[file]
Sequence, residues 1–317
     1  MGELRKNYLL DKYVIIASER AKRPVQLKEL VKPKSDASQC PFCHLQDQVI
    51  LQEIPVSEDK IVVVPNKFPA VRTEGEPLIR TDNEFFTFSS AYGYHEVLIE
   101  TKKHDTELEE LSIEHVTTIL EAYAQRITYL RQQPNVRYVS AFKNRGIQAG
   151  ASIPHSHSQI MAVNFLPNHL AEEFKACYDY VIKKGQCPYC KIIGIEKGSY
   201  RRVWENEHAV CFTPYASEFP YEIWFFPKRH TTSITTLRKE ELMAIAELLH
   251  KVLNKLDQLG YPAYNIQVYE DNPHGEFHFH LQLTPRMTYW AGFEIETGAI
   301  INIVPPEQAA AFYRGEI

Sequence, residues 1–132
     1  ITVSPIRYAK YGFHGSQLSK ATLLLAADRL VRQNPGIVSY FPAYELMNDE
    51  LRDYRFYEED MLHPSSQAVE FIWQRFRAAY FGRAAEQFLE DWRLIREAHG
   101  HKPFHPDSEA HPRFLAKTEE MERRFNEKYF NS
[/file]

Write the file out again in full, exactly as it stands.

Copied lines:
Sequence, residues 1–317
     1  MGELRKNYLL DKYVIIASER AKRPVQLKEL VKPKSDASQC PFCHLQDQVI
    51  LQEIPVSEDK IVVVPNKFPA VRTEGEPLIR TDNEFFTFSS AYGYHEVLIE
   101  TKKHDTELEE LSIEHVTTIL EAYAQRITYL RQQPNVRYVS AFKNRGIQAG
   151  ASIPHSHSQI MAVNFLPNHL AEEFKACYDY VIKKGQCPYC KIIGIEKGSY
   201  RRVWENEHAV CFTPYASEFP YEIWFFPKRH TTSITTLRKE ELMAIAELLH
   251  KVLNKLDQLG YPAYNIQVYE DNPHGEFHFH LQLTPRMTYW AGFEIETGAI
   301  INIVPPEQAA AFYRGEI

Sequence, residues 1–132
     1  ITVSPIRYAK YGFHGSQLSK ATLLLAADRL VRQNPGIVSY FPAYELMNDE
    51  LRDYRFYEED MLHPSSQAVE FIWQRFRAAY FGRAAEQFLE DWRLIREAHG
   101  HKPFHPDSEA HPRFLAKTEE MERRFNEKYF NS